Reverse mortgage lenders received a significant victory in Florida’s Third District Court of Appeal last week when the court issued its decision in OneWest Bank, FSB v. Palmero. After previously ruling in Smith v. Reverse Mortgage Solutions, Inc. and Edwards v. Reverse Mortgage Solutions, Inc. that the surviving spouses of borrowers who had taken out reverse mortgage loans also qualified as “borrowers” under the terms of the mortgage and thus had the right to remain in the property after the death of a spouse, the court changed course in Palmero, outlining the conditions under which a lender could prove that “borrower” meant only the person who actually “borrowed” the money.

In Palmero, the lender brought a foreclosure action against Luisa Palmero, claiming that her deceased husband Roberto had taken out a reverse mortgage and that his death triggered the lender’s right to accelerate the mortgage debt and commence foreclosure proceedings. The mortgage granting the security interest to the lender defined the borrower as “Roberto Palmero, a married man reserving a life estate unto himself with the ramainderman [sic] to Luisa Palmero, Idania Palmero, a single woman and Rene Palmero, a single man.” Mr. and Mrs. Palmero executed the mortgage on separate signature lines underneath the statement “BY SIGNING BELOW, Borrower accepts and agrees to the terms contained in this Security Instrument and in any rider(s) executed by Borrower and recorded with it.” However, only Mr. Palmero signed the promissory note evidencing the payment obligation associated with the reverse mortgage.

Further, only Mr. Palmero was named as the borrower in the loan application and loan agreement. Mrs. Palmero executed a “non-borrower spouse ownership interest certification” in which she certified that “should [her] spouse predecease [her] . . . and unless another means of repayment [was] obtained, the home where [she] reside[s] may need to be sold to repay Reverse Mortgage debt incurred by [her] spouse” and that “[i]f the home where [she] reside[s] [was] required to be resold,” Mrs. Palmero agreed that she understood “that [she] may be required to move from [her] residence.” After trial, the circuit court granted judgment in favor of Mrs. Palmero, concluding that (1) she was not a “borrower” under the terms of the mortgage and thus Mr. Palmero’s death triggered acceleration of the loan, but (2) that federal law prevented the lender from foreclosing on the property while Mrs. Palmero, the non-borrowing spouse, remained alive.

On appeal, a majority of the panel of the Third District Court of Appeal affirmed the circuit court’s holding that Mrs. Palmero was not a “borrower,” but reversed the judgment in favor of Mrs. Palmero by rejecting the argument that federal law precluded foreclosure. In holding that the circuit court properly determined that Mrs. Palmero was not a “borrower,” the court held that it was required to read all of the documents executed at the origination of the reverse mortgage together. The court determined that reading the definition of “borrower” in the mortgage, along with the loan application executed by Mr. Palmero, the note executed by Mr. Palmero, and the non-borrower spouse certification executed by Mrs. Palmero, made it clear that Mrs. Palmero was not a “borrower” under the reverse mortgage. The court recognized its prior holdings in Smith and Edwards in which it held that a foreclosing entity failed to demonstrate that it was entitled to foreclose against the surviving spouse on a reverse mortgage, but distinguished those cases based on the evidence of the contemporaneously signed documents that made it clear that Mrs. Palmero was not a “borrower.”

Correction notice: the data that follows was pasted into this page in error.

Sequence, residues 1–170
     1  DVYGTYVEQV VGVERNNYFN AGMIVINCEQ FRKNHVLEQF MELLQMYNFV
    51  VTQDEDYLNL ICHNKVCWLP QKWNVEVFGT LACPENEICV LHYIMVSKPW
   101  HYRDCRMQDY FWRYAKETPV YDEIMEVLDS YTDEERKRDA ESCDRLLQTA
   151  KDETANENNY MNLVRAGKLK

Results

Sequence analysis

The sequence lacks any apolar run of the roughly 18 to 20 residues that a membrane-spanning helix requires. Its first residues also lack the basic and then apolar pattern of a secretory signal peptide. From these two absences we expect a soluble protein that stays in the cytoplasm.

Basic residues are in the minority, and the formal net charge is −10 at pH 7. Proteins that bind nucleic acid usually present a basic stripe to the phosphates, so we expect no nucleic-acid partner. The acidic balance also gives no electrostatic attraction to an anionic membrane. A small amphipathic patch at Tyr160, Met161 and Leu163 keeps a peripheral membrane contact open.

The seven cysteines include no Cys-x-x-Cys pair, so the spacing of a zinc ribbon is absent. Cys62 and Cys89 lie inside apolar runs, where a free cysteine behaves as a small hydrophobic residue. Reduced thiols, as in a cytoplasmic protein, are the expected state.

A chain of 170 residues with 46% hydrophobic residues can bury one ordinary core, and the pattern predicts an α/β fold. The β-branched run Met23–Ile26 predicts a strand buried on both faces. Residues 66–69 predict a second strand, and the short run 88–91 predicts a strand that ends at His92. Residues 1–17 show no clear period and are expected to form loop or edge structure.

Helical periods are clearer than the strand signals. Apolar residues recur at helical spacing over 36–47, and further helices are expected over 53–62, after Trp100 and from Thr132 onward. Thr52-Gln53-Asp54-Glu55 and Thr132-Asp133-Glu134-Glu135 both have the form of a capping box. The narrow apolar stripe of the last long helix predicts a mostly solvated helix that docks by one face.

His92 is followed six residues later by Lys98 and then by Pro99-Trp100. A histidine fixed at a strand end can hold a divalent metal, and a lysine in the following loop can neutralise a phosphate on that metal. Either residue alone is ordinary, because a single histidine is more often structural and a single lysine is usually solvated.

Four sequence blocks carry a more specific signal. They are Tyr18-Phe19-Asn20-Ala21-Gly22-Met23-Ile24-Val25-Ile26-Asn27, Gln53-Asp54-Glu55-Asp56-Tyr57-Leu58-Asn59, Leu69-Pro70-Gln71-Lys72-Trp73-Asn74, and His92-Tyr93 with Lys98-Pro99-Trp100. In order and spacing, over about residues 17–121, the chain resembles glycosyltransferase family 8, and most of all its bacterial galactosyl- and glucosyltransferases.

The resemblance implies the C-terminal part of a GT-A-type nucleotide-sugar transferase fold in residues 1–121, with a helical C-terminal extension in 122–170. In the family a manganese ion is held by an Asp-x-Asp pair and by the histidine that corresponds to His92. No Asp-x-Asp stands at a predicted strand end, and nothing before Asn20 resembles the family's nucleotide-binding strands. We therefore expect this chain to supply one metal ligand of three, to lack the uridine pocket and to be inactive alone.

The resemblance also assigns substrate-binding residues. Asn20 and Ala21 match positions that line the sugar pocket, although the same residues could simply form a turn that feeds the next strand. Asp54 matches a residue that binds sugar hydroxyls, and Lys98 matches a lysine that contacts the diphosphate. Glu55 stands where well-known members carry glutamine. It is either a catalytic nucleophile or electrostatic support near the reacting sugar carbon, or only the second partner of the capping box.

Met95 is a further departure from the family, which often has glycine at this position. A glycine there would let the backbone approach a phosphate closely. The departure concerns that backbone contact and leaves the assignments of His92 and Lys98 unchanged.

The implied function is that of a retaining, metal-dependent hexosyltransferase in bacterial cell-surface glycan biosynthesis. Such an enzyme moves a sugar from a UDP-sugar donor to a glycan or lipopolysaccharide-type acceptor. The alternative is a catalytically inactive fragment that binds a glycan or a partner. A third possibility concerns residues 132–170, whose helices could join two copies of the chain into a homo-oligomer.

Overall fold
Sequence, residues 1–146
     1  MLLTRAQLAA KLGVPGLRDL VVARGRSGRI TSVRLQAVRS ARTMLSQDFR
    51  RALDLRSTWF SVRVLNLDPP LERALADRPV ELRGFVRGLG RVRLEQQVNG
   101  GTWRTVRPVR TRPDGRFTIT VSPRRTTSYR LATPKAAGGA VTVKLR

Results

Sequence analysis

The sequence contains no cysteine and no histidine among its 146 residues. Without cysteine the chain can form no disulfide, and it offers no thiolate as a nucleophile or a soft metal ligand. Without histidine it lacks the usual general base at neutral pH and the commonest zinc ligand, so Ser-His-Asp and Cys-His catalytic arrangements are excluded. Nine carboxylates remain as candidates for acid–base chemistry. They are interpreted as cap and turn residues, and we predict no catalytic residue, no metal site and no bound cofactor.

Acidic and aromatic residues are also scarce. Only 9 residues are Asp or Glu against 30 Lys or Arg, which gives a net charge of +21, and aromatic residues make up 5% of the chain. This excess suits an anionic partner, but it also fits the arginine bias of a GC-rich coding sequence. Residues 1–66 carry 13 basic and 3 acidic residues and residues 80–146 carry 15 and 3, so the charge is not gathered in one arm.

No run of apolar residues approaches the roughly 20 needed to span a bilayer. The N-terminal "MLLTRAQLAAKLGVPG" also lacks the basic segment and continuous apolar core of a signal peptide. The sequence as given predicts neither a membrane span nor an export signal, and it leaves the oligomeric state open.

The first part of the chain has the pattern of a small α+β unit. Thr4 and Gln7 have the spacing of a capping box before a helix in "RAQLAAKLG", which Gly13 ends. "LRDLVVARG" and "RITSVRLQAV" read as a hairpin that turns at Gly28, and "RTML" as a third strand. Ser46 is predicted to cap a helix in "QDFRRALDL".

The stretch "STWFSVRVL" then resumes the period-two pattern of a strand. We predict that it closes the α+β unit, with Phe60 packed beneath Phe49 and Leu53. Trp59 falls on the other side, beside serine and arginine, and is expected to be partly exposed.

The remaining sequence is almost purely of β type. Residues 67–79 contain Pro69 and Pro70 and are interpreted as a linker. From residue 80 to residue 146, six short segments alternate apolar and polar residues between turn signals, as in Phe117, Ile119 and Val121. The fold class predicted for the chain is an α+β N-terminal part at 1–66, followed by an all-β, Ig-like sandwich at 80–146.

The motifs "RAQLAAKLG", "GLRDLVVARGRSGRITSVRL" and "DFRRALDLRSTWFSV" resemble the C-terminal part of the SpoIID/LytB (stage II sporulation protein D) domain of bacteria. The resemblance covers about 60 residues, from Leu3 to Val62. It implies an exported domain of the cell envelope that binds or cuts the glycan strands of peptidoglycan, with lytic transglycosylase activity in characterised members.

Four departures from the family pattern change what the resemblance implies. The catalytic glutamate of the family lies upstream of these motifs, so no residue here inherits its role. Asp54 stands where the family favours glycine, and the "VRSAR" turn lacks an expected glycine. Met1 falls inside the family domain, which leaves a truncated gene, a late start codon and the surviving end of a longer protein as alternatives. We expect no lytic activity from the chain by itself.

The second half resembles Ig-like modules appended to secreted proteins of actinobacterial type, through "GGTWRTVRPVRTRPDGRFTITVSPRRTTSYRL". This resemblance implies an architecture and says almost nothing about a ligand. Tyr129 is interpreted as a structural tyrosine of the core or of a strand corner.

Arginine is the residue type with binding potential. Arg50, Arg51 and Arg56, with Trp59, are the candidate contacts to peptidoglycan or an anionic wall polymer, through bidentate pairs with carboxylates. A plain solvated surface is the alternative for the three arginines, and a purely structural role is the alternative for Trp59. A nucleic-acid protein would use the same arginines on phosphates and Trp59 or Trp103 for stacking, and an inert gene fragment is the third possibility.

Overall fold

The court further held that federal law did not preclude the lender’s foreclosure. The court first held that Mrs. Palmero had failed to raise at trial the defense that federal law precluded the foreclosure, and thus the defense had been waived. The court also rejected the argument on the merits, finding that federal law did not require Mrs. Palmero to be a “borrower” in order for the reverse mortgage to be insurable by the federal government.

Going forward, Palmero stands as a significant cut against the broad interpretation of Smith and Edwards that many Florida trial courts had adopted in order to hold that a surviving spouse had the legal right to remain in property secured by a reverse mortgage after the borrower’s death. Palmero demonstrates that a lender may demonstrate that the surviving spouse is not a “borrower” under the mortgage by introducing the other documents executed at the time the loan is originated—most significantly, the non-borrower spouse ownership interest certification, in which the non-borrowing spouse expressly recognized the fact that the borrower’s death would allow the lender to accelerate the loan and proceed to foreclosure.